With the COVID19 pandemic still surging in Sudan, convincing a bigger margin of the population on taking precautions through observing the set standards of procedure (SOPs) and vaccination has been an uphill task.
According to the Sudanese Ministry of Health, vaccination reached approximately 68,068 individuals in the capital Khartoum, this number is divided into 20,735 who took AstraZeneca, 13,281 Pfizer, 33,463 Johnson, and 589 Sinopharma. Which indicates that until the vaccine reaches most of the target audience it will be difficult to distribute the third dose in Sudan.
A copy of a vaccination card given to citizens who have received full COVID19 vaccines doses
Booster shots are recommended for compromised groups or individuals that might not be protected by merely taking one shot of Johnson and Johnson or two shots of the other types of vaccines. When one’s immunity weakens over time or when it does not hold up as expected against different variants, then a booster shot is required.
Introduction of booster shots
In October 2021, the World Health Organization recommended that immunocompromised people be given an additional dose of the COVID-19 vaccine, due to their higher risk of breakthrough infections after standard immunization. The Strategic Advisory Group of Experts on immunization said the additional dose should be offered as part of an extended primary series. They argued that these individuals are "less likely to respond adequately to vaccination following a standard primary vaccine series and are at high risk of severe COVID-19 disease".
Booster shots are available for everyone aged 16 and over and some children aged 12 to 15, and people above 50 who have had a second dose of the vaccine at least 3 months back.
The bigger question that arises here is: when does the immunity start to decline? The answer is two months for the Johnson & Johnson vaccine and five for Pfizer and Moderna, especially with the presence of the delta and omicron variants.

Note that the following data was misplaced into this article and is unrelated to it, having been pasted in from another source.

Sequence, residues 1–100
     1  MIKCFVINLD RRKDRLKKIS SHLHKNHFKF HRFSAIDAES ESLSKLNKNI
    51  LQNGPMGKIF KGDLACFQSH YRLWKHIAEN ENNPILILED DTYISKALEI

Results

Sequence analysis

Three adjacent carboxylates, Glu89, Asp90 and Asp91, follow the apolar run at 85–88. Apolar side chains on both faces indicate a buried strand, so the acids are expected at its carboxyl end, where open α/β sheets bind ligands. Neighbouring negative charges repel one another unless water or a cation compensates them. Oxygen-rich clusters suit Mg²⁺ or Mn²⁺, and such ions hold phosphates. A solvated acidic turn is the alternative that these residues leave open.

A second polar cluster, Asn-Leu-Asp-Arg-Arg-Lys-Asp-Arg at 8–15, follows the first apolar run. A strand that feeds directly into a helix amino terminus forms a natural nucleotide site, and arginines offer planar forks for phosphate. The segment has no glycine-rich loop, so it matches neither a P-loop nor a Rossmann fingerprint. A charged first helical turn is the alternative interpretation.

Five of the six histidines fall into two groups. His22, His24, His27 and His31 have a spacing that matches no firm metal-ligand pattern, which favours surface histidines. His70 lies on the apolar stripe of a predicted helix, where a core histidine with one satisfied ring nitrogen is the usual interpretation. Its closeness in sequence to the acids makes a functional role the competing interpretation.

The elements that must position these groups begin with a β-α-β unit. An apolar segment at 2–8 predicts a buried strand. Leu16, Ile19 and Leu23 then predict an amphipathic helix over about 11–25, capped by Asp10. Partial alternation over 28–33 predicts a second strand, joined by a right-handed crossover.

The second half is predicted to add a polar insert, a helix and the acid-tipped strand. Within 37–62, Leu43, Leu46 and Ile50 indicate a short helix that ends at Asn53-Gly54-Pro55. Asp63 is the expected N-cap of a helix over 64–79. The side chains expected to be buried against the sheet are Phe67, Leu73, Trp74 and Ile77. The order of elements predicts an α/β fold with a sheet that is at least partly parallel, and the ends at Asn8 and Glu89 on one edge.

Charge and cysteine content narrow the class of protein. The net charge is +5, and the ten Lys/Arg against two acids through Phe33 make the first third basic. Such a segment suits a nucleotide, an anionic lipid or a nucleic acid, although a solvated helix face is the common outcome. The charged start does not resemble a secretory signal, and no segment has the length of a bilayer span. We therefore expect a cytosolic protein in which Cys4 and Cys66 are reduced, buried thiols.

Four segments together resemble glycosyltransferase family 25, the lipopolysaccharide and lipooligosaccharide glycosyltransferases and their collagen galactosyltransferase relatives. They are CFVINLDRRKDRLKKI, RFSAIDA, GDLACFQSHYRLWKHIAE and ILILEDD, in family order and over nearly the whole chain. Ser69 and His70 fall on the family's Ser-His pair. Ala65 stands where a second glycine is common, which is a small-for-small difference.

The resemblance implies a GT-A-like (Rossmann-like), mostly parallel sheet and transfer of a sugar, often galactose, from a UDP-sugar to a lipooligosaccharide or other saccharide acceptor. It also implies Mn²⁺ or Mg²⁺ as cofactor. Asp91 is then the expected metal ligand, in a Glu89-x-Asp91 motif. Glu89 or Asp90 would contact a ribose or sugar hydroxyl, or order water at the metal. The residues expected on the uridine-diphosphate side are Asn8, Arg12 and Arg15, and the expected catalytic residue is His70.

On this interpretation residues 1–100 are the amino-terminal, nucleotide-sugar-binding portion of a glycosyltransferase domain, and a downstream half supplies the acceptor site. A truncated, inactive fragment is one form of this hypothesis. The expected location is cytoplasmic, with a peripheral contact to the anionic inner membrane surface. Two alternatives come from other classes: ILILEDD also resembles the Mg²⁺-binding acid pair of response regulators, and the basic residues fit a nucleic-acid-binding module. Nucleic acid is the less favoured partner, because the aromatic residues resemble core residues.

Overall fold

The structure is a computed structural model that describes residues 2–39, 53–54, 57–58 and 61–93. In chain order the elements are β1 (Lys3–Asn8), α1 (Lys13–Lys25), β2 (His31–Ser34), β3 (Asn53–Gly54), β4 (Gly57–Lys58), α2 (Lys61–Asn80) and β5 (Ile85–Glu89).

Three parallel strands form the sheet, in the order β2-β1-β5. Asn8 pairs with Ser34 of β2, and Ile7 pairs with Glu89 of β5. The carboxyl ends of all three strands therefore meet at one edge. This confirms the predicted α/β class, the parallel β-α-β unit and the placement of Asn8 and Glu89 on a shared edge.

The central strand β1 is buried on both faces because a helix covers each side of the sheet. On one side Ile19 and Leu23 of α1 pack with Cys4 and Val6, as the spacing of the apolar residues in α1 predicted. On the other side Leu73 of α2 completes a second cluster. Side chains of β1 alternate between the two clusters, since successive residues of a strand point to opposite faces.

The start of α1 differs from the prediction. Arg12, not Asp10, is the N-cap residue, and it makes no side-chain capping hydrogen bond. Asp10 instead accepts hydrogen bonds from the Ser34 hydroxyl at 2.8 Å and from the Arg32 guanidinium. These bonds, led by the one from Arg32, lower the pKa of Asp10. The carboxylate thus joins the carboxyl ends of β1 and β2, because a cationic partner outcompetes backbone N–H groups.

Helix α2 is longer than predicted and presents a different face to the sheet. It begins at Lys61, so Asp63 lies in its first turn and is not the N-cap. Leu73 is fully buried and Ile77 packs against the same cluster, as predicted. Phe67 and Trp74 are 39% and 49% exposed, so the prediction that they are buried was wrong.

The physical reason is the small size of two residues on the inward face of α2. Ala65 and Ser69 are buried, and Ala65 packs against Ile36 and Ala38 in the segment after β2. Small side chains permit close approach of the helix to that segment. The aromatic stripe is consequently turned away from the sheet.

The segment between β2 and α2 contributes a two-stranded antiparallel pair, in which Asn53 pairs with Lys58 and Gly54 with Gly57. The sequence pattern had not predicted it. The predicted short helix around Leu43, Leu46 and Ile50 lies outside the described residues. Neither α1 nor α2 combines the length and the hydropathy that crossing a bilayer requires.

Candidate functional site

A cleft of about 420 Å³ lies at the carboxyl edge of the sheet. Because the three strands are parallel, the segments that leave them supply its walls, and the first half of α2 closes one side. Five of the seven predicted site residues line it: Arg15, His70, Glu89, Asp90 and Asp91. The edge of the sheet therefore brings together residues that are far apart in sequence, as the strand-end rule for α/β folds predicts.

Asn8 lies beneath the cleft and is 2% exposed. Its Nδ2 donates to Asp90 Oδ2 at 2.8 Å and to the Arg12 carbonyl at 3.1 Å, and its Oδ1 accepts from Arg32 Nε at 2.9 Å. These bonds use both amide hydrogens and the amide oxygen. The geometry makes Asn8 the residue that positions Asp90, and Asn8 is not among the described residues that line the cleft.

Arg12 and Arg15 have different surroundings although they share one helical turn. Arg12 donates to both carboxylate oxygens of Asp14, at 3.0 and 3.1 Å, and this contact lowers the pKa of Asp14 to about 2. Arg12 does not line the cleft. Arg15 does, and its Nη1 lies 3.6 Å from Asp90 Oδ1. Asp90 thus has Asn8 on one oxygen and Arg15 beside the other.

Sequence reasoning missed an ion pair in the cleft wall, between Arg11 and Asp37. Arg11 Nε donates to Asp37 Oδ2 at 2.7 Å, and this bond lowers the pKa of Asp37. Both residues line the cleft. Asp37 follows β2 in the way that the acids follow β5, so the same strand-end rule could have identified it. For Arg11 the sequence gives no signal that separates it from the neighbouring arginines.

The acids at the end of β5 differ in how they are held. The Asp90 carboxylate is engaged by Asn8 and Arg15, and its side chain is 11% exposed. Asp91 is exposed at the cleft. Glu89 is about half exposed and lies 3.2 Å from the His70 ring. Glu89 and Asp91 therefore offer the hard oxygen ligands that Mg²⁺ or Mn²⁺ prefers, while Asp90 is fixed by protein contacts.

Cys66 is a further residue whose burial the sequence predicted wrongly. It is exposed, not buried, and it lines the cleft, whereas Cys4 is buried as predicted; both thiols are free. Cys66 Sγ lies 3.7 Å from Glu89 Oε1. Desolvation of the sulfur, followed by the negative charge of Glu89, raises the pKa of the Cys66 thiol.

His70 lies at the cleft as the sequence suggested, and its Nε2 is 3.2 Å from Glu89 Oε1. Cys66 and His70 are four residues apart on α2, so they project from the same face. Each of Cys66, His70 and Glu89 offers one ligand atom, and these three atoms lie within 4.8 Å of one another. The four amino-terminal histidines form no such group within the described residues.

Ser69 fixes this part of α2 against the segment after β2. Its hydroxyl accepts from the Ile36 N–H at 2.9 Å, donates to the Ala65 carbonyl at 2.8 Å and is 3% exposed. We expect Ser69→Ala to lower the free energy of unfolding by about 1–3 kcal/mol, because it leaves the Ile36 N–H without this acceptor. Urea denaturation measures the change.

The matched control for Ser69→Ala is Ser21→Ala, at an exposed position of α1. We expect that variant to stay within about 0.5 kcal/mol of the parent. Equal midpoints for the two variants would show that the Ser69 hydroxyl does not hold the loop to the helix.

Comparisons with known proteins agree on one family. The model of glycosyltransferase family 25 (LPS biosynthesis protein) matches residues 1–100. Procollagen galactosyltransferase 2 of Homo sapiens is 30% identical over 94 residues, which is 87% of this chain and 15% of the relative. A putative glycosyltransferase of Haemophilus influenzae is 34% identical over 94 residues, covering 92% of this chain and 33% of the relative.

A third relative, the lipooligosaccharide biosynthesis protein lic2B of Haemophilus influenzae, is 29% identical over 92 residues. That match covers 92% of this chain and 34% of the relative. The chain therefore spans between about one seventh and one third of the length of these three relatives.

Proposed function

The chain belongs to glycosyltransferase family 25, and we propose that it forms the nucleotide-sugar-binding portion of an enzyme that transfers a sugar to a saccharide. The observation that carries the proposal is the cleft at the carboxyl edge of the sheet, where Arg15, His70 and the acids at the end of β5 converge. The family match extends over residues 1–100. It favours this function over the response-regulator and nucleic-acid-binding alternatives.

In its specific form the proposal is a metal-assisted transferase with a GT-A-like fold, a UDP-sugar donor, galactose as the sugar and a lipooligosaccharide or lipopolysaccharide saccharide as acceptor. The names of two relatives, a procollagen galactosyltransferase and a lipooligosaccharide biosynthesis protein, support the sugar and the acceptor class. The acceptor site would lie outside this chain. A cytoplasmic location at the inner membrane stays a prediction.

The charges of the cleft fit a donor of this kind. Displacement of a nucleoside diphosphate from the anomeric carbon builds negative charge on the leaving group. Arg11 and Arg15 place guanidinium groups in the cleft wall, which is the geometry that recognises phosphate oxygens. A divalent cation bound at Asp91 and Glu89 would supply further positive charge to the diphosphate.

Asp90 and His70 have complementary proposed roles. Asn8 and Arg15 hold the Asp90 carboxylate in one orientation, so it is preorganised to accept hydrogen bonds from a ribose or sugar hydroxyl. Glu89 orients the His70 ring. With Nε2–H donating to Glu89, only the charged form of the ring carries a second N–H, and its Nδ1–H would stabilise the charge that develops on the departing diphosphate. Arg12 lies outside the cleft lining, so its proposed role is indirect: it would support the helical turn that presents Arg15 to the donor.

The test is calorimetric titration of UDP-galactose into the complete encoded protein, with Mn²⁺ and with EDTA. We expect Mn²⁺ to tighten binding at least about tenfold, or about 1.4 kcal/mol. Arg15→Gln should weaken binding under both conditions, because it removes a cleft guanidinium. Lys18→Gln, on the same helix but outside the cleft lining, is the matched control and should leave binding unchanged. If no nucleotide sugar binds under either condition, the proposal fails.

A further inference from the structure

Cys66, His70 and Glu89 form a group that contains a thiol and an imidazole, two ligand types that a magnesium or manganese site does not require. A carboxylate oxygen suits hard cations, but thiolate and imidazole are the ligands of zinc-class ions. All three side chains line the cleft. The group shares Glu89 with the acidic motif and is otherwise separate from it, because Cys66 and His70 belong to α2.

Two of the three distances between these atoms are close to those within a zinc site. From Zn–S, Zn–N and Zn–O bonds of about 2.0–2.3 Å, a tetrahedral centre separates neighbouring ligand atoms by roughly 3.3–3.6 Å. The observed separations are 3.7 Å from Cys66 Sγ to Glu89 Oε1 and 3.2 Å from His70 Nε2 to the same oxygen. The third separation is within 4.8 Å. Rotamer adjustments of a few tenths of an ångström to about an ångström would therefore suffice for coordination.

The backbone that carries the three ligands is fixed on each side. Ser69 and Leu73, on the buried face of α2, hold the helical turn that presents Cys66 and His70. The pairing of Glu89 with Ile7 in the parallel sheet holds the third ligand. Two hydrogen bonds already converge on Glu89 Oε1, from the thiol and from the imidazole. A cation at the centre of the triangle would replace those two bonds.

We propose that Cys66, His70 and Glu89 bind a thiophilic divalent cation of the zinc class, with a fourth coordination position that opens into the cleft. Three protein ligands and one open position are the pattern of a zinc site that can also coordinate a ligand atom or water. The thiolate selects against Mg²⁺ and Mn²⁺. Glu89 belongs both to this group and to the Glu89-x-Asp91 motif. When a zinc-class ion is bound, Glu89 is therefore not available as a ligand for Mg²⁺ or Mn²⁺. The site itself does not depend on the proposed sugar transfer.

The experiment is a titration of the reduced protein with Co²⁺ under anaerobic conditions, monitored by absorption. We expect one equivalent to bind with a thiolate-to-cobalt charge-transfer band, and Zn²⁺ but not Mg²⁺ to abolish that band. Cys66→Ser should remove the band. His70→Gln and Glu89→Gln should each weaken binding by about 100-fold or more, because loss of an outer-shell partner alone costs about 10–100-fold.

3rd dose uptake in Sudan
In Sudan, the country is still working on covering the compulsory two doses, with recent vaccination campaigns facilitated by the Federal Ministry of Health highlighting that the country is moving closer to bridging the gap.
There are also differences in opinion on the booster dose, with some groups advocating for the third dose as another shield against the virus, while others insist that one or two doses are enough.
35 years old, Enshirah who is not keen to show her face thinks there is no need for a booster.
‘The third dose should not be necessary. The first and second doses are the primary shots and are more effective. They give the body strong immunity to counter the virus. That should be enough” Enshirah insists.
Enshirah, a resident of Khartoum thinks the booster dose is not necessary
However, 48 years old Maha notes that the booster shot is very important, especially for those who have other underlying illnesses.
“I have heart complications and I strongly believe that the dose is of great importance for my survival during this pandemic. Immunocompromised individuals like myself see the booster as an amplifier. I am now better protected” Maha asserts.
Maha during an interview with Andariya at a market in Khartoum
Available facts on the third dose
Research from the Center for Disease Control (CDC), indicates that vaccines can hold up very well in the face of several variants- especially after administering the booster shot.
Another important fact to note is that the booster shot is not the same as the flu shot. The flu shot only protects someone against influenza but not COVID-19, just as the COVID-19 vaccine does not guarantee protection against the flu; therefore those who desire maximum protection should also get the flu shot.
It is also worth noting that in case one decides to have a booster shot, the third dose can easily be different from the other two previous doses. For example, if one takes two doses of Pfizer and then takes the third dose from Moderna it doesn't have negative effects. Overall, the side effects of the third dose are similar to the ones experienced with the first and second dose.
A major criticism of the third dose has been that low-income countries and others that have not yet received sufficient first and second doses should be prioritized before the richer countries push for the booster.
4: The federal Ministry of Health.